What Kind of Financial Statements Do I Need?

We had a client recently ask if we could provide them with “Reviewed” financial statements. They were working on an investment round and were looking to apply as an “EBC” or Eligible Business Corporation. I am aware that means next to nothing to most people, but suffice it to say that it’s a pretty great government program that allows investors to invest money in certain small businesses and get some tax breaks in return. Win-win.

Well, as you can probably guess since the government is involved, it’s not all that simple. This particular program requires Reviewed financial statements. Yes, I capitalized that “R” on purpose because these are not statements that are just perused by someone and declared reviewed, they are, in fact “Reviewed”. Confused? You are not alone.

So, what do you need to know about “Reviewed” or any other types of financial statements?

We can break out financial statements prepared by accountants into three categories: Compiled (also known as Notice to Reader), Reviewed and Audited. If you will indulge me for just a moment, this stems from what it is that accountants actually do. Ever wonder why we are called “public” accountants? Didn’t think so, but I am going to tell you anyway!

We are called public accountants because we protect the public interest. If you take your financial statements to your bank to get a loan, they might ask you for the ones your accountant prepared (not the ones scribbled on the back of a serviette). They will ask for this because they want some assurance that the statements are correct and not made up. Accountants are thought to be pretty honest, if somewhat boring people (in an “I’m glad there are people out there like that” sort of way). Anyways, remember that word assurance. We are going to come back to it.

Ok, background done. Why does this matter to you? Well if you are running a business, it’s a good idea to know what kind of financial statements you need and when you need them (not when it’s too late). You’ll also probably need to know what the benefits and drawbacks are of each type. Read on.

Compiled (Compilation/Notice to Reader) Statements

In theory, these are statements prepared by your accountant based on the information you or your bookkeeper provide to them. They aren’t really supposed to do anything other than compile that information into a readable set of financial statements. I say in theory because that’s the thing about accountants, they just need them to be right. For that reason this is the most affordable, but probably the best bang for your buck. Most accountants will dig a little bit to make sure the statements aren’t wrong. They might not be perfect, but they’re looking pretty snazzy. Ok, maybe not this snazzy.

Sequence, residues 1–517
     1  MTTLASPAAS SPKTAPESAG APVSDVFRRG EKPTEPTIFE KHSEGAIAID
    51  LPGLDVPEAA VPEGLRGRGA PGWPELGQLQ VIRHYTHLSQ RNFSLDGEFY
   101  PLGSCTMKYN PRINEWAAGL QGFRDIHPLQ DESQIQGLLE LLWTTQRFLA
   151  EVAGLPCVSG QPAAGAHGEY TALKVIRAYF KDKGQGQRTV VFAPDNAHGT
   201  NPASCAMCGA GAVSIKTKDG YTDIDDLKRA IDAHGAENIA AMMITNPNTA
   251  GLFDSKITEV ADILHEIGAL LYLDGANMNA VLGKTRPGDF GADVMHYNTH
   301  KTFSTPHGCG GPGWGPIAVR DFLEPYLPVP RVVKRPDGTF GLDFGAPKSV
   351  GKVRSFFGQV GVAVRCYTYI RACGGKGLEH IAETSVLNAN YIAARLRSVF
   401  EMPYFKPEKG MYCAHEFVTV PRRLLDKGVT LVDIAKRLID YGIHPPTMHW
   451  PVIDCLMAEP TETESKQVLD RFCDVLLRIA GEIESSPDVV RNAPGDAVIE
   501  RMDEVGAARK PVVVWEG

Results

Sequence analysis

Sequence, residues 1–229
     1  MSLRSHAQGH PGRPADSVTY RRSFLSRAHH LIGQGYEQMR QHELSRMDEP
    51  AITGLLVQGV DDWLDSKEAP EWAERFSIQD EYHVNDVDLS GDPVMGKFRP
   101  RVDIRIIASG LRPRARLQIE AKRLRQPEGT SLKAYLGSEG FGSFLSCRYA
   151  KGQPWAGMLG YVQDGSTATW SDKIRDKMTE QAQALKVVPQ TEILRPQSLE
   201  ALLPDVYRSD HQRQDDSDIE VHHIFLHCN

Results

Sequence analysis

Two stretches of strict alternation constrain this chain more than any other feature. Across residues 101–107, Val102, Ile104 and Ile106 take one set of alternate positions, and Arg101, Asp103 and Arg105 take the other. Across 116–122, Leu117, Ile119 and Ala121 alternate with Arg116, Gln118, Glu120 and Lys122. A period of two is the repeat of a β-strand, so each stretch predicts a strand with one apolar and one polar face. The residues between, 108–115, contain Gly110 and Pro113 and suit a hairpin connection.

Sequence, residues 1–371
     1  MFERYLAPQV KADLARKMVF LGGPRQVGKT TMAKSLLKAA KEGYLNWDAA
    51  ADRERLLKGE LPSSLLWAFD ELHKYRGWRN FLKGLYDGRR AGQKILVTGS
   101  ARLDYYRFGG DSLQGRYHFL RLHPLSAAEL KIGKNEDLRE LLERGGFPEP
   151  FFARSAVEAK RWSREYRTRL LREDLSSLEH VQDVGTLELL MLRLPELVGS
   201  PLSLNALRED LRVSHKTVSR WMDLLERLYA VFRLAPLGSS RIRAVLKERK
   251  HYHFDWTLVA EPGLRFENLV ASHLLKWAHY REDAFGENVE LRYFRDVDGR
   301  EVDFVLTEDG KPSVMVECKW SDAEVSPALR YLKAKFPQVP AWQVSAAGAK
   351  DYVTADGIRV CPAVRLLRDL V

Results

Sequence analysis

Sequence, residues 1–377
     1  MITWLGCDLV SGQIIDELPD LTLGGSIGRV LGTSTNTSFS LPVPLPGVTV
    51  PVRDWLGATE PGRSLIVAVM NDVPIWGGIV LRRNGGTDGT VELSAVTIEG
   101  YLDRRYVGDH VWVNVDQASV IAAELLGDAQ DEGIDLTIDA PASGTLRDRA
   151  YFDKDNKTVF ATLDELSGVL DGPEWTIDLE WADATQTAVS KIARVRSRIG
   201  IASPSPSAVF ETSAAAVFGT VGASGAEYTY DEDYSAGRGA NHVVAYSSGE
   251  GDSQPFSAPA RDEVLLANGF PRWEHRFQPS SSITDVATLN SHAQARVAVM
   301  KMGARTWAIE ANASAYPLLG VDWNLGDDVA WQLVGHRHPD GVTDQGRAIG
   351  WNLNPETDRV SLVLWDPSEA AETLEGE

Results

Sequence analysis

Joe circa 1985.

Joe circa 1985.

Pros:

  • Most affordable
  • Best bang for your buck because accountants like things just so
  • Your accountant doesn’t have to be independent of the person who prepared your financials (i.e. you only need one accountant)

Cons:

  • No assurance that your statements are right
  • Could be less than you need if you have bank loans or other parties interested in your financials (such as grant-giving government organizations)

Reviewed Statements

Ok, we are going to go there. Assurance. We are adulting hard here, but bear with me. This is where accountants really start to shine. They can dig into other people’s work and find some mistakes and make the financials more right. At the end of this (mostly standardized) work, they will assure to the reader (bank, etc.) that nothing came to their attention to indicate there was something wrong. Read that again. Got it? It’s called negative assurance and it’s a thing that you have now heard of. You’re welcome.

Pros:

  • You’ve entered the world of assurance; therefore, you’re a baller
  • You can take your financial statements more places (like banks) and get bigger loans
  • Your financial statements will be more right (i.e. more in accordance with Accounting Standards for Private Enterprise - ASPE), which means more comparable year over year

Cons:

  • It’s going to cost you
  • It’s an administrative burden because the reviewing accountants will require lots more information to be able to “assure” readers of the statements

Audited Statements

Most people we work with won’t get this far, but it’s an important piece to know when you are reciting this post at your next dinner party. Auditing takes assurance to the next level. By the next level I mean it takes the word “negative” out of the assurance so you can just call it assurance. Verbal brevity aside, it can be really helpful when you have grown large enough to hire your own management team and kick back in Zihuatanejo. You can have a team of accountants rock up once a year and make sure the financials are tip-top.

Pros:

  • You are going to get some seriously right financial statements (statistically)
  • If you are a hands-off owner, you will get some assurance for yourself
  • It’s a requirement if you want to go public

Cons:

  • It’s really expensive
  • It’s a huge administrative burden that can tie up your own accounting team for a good chunk of the year

Conclusion

Compiled financial statements are all that most companies will ever need, but that doesn’t mean that you shouldn’t take in the above information. If you are looking to take on investment to grow at scale, there are many situations where you will need Reviewed or even Audited financial statements. Do not be taken off guard about the statements that you need. It can slow down an investment round and hinder your growth.

At Avalon, we only prepare compiled statements because we prepare or help you prepare the bookkeeping and therefore are not independent. We do, however, work with accountants that will review or audit your statements. If you want to hear more, reach out - we’re always happy to chat through your situation.